For centuries Marius Petipa is the synonym to the classicist within classical ballet, having signed some of the most important pieces that are danced to this day. What few remember – or know – is that his personal and love adventures also influenced the history of dance.
Marius, at first, could be pointed and the less talented in a dancer’s family, led by his father, Jean, and famous brother, Lucien. Lucien was one of the greatest of conquered the young Carlotta Grisi, stealing her from Jules Perrot, but that’s a different post in the making. It was his kid brother, Marius, however, years before becoming of the best choreographers ever that had turns and jumps so scandalous that are worthy a novel. Who would tell! Remember Shakespeare in Love? Well…
Due to their careers, the Petipa Family traveled quite often. In 1844, Marius, just 26 years old then, after a tumultuous season in Bordeaux, managed to get a job in Spain, as the partner of dancer Marie Guy-Stéphan, who was famous then.
Although he had important roles, Marius arrived in Madrid more recognized as a character dancer and a great partner. It was then, in Spain, that he had direct contact with its rich folklore and dances that would influence him in his creations later.
Marius personal and love life was as messy as it could be. Debts, cards, and ill-fated romances, and the most significant of them all happened in Spain. Only a few months after his arrival he fell in love with Carmen Mendoza y Castro. Carmen was the daughter of the Marchesa of Villagarcia, María de la Concepción, who hired him for private dance lessons to her heiress. Although Carmen was 23 years old, as an unmarried maid she was considered a minor. Well, it didn’t long that between pirouettes and elevés the relationship developed into something more. The novel begins.
It didn’t take long to gossip to catch up. At first, rumors were between the teacher and the Marchesa, however, María’s admirer, the French Count de Gabriac, warned his muse of what was really going on at so-called the dance classes. Hell broke loose.
Marius was banished from the house. The Marchesa tried to bribe him to leave the country. All to no avail. So, to make things worse, the Conde threatened to beat the dancer up. So, albeit forbidden by law, Marius defied de Gabriac for a duel. Before you wonder, no, Marius Petipa was not a good shooter or fighter.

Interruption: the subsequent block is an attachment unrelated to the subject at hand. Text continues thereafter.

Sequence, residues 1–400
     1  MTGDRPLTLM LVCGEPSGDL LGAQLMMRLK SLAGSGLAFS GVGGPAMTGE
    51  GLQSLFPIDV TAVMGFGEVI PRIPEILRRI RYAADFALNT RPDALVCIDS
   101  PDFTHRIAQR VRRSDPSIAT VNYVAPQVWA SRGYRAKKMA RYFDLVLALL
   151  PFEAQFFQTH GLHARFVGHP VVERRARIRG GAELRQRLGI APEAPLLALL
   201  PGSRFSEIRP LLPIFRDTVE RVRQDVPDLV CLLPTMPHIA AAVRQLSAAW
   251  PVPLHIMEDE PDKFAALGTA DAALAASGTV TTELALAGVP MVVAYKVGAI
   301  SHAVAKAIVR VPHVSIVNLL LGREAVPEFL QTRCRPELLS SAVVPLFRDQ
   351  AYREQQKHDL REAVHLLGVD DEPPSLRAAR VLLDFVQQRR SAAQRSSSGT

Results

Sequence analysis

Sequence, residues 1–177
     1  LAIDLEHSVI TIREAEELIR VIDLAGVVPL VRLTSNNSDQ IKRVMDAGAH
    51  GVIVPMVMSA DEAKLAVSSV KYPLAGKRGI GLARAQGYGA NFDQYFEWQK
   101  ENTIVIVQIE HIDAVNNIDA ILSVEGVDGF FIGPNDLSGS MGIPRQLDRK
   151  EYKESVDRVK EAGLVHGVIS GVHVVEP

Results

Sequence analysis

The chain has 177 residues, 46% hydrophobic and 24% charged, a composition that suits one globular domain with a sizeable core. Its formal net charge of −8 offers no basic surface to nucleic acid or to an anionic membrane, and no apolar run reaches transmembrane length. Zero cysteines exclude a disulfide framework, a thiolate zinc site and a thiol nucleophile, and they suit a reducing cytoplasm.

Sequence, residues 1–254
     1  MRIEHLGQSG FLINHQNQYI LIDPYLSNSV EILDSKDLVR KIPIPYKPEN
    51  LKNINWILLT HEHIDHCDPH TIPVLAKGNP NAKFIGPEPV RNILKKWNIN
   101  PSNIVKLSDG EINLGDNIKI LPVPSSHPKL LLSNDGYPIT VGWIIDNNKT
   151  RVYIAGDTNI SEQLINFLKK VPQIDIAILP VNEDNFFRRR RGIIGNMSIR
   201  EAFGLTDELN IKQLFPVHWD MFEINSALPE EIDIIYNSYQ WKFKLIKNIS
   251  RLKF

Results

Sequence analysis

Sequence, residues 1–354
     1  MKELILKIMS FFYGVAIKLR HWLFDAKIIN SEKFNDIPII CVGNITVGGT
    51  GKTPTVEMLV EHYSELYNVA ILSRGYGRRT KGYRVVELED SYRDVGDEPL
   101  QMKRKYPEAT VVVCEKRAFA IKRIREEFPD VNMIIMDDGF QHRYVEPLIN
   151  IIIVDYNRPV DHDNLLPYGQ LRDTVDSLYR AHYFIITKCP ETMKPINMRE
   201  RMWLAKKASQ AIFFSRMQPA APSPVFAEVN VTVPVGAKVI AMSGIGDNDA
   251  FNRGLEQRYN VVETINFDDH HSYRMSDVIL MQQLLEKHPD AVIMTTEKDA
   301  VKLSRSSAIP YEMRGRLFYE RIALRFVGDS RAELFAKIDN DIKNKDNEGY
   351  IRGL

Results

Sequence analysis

The details are not really clear, as it was against the law, but Marius won the duel, managing to shoot the Count in the face. It was luck and a questionable attitude. The choreographer and historians agree that the Count shot first, but the gun misfired. He was asked to try again but the dancer shot him before he could do anything. As much as later the choreographer said it was the duel that made him leave Spain for Russia, it’s not true. A couple of days later, unharmed and free, he was on the stage dancing without any trouble.
It goes on.
Neither the duel nor opposition succeeded in separating the young lovers. Marius and Carmen eloped. A few months later they were found in England. As they were not married, she was “returned” to her family and he was forced not to go back to Spain. Poor and heartbroken, he then accepted the invitation to join Russia’s Ballet Imperial, in Saint Petersburg. He never came back, finding immortality in his ballets and becoming a legend.
Carmen’s story is not as happy. She married a few years later to Raúl Grandemont. She replaced her mother as the Marchesa of Villagarcia and never had kids.
In Russia, Marius wrote the history of ballet with many of his creations including Spanish references. After remembering all this, Kitri and Basil’s elopement has a different meaning. In the ballet, love wins. The reality, though, was just like the movie.